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Glorious Apples and autumn faggots

Tuesday, November 14th, 2006

This is something we did a few weeks ago, but today I’m cooking with apples, so I thought I take the opportunity to talk about them, and some other glorious autumn foods.

When thinking of apples, I’m thinking of England, and more specifically the orchards which surround my in-laws house in Kent. Of course, apples are also associated with American pies and childhood memories of Germany, but dare I say, nowhere are more varieties found than in the UK. The climate in England specifically is the best in the world for apples. In the West Dean Estate in Sussex alone, over a hundred varieties are grown.

West Dean Garden Appletree

I’ve always thought that so many varieties of a particular food points to a native crop, but the same is true for spuds, and what it rather points to is the rich horticultural history of this country. The kitchen garden was at the heart of any Victorian estate and the head gardener’s proudest achievement. In West Dean Gardens, an astonishing variety of fruit and vegetables are on display at this time of year, mainly left to rot on the plant. I must confess that I had itchy fingers, but it would be a pity to take away from this bounty and spoil the enjoyment of other visitors.

Gourds and figs grow against sunny brick walls. In front of others, staggering arrays of tomatoes are heavy with fruit—the heat reflecting back at them helps to produce a crop which could have come straight from the Mediterranean. There are lush cabbages, beans and onions in dense, green rows, and leeks as thick as my arm. An entire greenhouse is devoted to chillis, the plants lining the walkway with a gaudy array of green, red, purple and yellow—even black. In other greenhouses, bulging peppers, aubergines and even avocados are produced, the latter on trees that stretch to the roof. It was a matter of pride for the Victorian kitchen gardener to grow pineapples in heated greenhouses. Nor did any of the crop go to waste: storage cellars ensured an even temperature of around eight degrees.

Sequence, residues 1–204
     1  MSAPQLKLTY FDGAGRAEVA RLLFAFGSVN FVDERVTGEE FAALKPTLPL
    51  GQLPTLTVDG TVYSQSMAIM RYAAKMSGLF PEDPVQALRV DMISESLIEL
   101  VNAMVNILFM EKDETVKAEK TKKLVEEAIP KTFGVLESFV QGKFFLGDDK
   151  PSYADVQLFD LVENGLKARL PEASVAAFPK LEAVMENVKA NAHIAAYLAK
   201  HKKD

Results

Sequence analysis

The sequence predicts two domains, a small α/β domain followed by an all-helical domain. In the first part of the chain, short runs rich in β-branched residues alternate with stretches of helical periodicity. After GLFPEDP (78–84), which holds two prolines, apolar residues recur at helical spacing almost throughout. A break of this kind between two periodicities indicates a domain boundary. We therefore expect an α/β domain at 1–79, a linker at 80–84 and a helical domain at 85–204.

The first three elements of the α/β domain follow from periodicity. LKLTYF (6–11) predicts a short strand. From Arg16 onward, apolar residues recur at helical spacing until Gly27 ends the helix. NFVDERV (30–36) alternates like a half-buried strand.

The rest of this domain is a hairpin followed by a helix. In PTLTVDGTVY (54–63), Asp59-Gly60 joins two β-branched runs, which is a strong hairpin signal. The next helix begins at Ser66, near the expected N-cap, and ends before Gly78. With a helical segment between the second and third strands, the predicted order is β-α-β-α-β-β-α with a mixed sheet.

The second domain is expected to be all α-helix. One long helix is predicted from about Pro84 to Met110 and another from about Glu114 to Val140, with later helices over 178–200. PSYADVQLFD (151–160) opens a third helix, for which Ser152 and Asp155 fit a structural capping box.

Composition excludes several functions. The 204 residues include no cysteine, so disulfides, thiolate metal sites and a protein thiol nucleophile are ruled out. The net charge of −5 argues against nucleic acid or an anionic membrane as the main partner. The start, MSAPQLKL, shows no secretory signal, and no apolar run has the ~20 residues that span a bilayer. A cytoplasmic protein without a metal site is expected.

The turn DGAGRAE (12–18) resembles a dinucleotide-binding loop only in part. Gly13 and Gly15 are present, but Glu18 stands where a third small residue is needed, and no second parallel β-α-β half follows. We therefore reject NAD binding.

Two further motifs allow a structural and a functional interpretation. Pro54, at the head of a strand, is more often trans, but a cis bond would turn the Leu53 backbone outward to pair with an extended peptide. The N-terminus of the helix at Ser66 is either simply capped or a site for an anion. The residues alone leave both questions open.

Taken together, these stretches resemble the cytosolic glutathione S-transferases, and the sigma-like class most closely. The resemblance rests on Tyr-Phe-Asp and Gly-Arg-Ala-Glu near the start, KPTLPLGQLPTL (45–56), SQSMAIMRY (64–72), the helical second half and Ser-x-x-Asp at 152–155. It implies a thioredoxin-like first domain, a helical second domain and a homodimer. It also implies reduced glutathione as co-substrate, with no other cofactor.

West Dean Entrance to Kitchen Garden

But back to the apples. They didn’t originate in central Europe. In fact apples originate in the Tien Shan ‘Mountains of Heaven’ in Krygyztan. Their astonishing variety is due to the ability of every pip to produce a different kind, in theory (only a few will produce edible apples at all). Two new varieties which I tasted during the West Dean Garden ‘Apple Affair’ last month—’Golden Blush’ and ‘Falstaff’—are not yet available to the public. No doubt, next year there will be others.

Apple tree closeup

In the crudest sense, apples divide into ‘eaters’ (dessert apples) and ‘cookers’. Then of course there are the many idiosyncratic varieties employed in cider and scrumpy making, which ensures that no two farms down the road in Devon or Somerset produce the same kind, and there aren’t enough names to label them all. Neither is the division between ‘eaters’ and ‘cookers’ absolute, because of course ‘cookers’ are used in desserts (they make the fluffiest baked apples, as they tend to disintegrate) and they say that the best apple sauce contains a mixture of both. I can’t attest to that. In our household, apple sauce is mainly used to complement roast pork or red cabbage, and for both, Bramleys are the apples of choice.